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“I can’t say I did,’’ coach Jim Boylen said Thursday when asked if he thought Porter would be so influential so quickly. “I would not be telling you the truth. I’m thankful for it, but I didn’t see it coming.’’

That’s because a player’s intangibles often aren’t felt until he’s in that locker room.

Jabari Parker was signed to a two-year, $40 million contract during the summer and boasted that he wasn’t paid to play defense, which he backed up once training camp and the regular season started.

Parker and Bobby Portis were sent packing to the Wizards for Porter, who came in with playoff experience and a contract that pays him $26 million this season and $27.2 million next season with a player option at $28.4 million for the 2020-21 season. Big money, no doubt. But the new highest-paid Bull is willing to dive after loose balls, wants to defend the best players and plays the game unselfishly.

Adam Silver still thinks the NBA All-Star Game needs a dramatic overhaul, and this year’s exhibition in Charlotte didn’t change his mind.

“The All-Star Game didn’t work,” the commissioner said at the MIT Sloan Sports Analytics Conference on Friday, adding that the game was “an afterthought” of the weekend, according to the Associated Press.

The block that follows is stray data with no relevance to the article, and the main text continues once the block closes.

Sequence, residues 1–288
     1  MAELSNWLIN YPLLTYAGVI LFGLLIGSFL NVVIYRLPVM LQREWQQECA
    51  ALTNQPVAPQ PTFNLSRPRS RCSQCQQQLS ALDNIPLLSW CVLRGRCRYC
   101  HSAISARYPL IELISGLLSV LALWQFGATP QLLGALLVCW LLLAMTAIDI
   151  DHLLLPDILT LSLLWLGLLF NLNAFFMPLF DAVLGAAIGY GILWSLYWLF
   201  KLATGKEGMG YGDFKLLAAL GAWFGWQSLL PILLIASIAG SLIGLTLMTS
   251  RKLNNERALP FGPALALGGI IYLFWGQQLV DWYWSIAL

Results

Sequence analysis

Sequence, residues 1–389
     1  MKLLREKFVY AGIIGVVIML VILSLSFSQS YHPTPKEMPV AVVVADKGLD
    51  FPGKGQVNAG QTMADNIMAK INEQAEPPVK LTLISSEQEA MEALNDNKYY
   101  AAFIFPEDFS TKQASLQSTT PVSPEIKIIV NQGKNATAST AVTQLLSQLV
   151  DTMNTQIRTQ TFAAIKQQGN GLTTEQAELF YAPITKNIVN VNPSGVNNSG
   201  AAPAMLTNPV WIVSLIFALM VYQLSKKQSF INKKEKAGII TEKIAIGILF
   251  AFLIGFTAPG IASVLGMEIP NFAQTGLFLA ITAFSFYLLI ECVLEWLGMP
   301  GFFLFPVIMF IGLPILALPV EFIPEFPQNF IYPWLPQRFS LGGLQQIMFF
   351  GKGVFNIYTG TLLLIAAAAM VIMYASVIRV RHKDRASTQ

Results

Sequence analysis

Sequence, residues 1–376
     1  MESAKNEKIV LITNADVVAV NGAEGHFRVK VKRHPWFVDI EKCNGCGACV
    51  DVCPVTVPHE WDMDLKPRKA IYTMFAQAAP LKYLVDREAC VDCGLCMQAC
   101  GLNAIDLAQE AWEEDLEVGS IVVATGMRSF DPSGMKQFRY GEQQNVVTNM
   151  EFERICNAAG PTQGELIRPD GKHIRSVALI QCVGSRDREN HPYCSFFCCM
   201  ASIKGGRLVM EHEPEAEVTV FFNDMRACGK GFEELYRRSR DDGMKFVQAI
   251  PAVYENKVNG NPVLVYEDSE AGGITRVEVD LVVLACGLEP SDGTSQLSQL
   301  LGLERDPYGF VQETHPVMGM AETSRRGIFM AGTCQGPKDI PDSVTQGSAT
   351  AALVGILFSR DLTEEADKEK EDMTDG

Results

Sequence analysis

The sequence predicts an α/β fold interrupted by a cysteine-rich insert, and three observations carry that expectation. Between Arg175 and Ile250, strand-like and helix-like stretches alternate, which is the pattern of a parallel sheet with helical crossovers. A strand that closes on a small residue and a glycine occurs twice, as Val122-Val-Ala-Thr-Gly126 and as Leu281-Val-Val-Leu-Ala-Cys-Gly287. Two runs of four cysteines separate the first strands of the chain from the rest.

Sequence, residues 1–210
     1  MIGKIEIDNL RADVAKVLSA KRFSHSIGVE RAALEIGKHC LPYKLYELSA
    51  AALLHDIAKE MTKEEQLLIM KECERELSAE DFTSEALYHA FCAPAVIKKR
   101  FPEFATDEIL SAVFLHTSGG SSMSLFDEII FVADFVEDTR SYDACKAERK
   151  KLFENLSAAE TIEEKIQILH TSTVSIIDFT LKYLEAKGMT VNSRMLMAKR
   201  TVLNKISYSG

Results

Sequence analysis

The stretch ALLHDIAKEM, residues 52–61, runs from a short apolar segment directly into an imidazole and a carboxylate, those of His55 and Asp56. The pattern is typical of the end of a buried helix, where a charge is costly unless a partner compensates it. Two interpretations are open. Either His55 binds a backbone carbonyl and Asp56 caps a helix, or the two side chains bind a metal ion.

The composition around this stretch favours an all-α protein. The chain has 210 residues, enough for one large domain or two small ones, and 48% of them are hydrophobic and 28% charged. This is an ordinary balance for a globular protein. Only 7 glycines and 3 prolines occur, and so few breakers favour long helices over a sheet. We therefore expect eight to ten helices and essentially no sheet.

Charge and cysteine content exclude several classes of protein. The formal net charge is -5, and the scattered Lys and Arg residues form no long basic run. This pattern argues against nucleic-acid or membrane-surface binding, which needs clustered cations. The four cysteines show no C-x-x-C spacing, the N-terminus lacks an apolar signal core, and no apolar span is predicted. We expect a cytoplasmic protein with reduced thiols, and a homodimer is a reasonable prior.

“I get it. We put an earring on a pig.”

Silver brought up the possibility of a midseason tournament replacing the All-Star Game if the league cuts the regular-season schedule down to roughly 70 games.

New York City hoops legend and former Nets star Kenny Anderson suffered a stroke this weekend and is currently hospitalized, according to former NBA guard Ron Harper.

“Let’s say a prayers for my guy [Kenny Anderson] who is [in] the hospital after having a stroke over the weekend. You’re in my thoughts my brother,” Harper wrote of the Queens native.

Anderson, 48, played for nine franchises in his 14-year career.

In an effort to broaden the scope of the sport of basketball across the world, the NBA and FIBA announced today that they are planning to launch a basketball league featuring 12 club teams across Africa. NBA commissioner Adam Silver announced the creation of the league during All-Star Weekend in Charlotte.

The league will reportedly feature 12 franchises that will begin play in January 2020, with existing African club teams having a chance to qualify for the league. The new league will be called the Basketball Africa League (BAL), and will be based on already existing team competitions that FIBA has organized throughout Africa.

“The Basketball Africa League is an important next step in our continued development of the game of basketball in Africa,” Silver said in a statement (via ESPN). “Combined with our other programs on the continent, we are committed to using basketball as an economic engine to create new opportunities in sports, media and technology across Africa.”

The NBA and FIBA also announced that they are planning on conducting qualification tournaments later this year in order to find the 12 best teams to represent countries including Angola, Egypt, Kenya, Morocco, Nigeria, Rwanda, Senegal, South Africa and Tunisia. According to the statement, there will be no more than two teams from any single country in the league.